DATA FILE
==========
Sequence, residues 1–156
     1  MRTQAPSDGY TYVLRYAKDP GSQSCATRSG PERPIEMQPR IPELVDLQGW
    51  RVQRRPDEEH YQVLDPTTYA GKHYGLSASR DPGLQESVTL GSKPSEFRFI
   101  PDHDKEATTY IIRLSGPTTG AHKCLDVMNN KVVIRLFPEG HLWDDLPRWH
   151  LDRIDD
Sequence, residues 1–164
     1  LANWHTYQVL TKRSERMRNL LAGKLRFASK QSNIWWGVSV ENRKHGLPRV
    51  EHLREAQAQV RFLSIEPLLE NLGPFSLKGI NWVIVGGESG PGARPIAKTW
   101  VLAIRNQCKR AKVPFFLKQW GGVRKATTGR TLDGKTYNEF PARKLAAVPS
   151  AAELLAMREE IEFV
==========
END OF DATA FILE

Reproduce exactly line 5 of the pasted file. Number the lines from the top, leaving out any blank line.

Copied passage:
   151  LDRIDD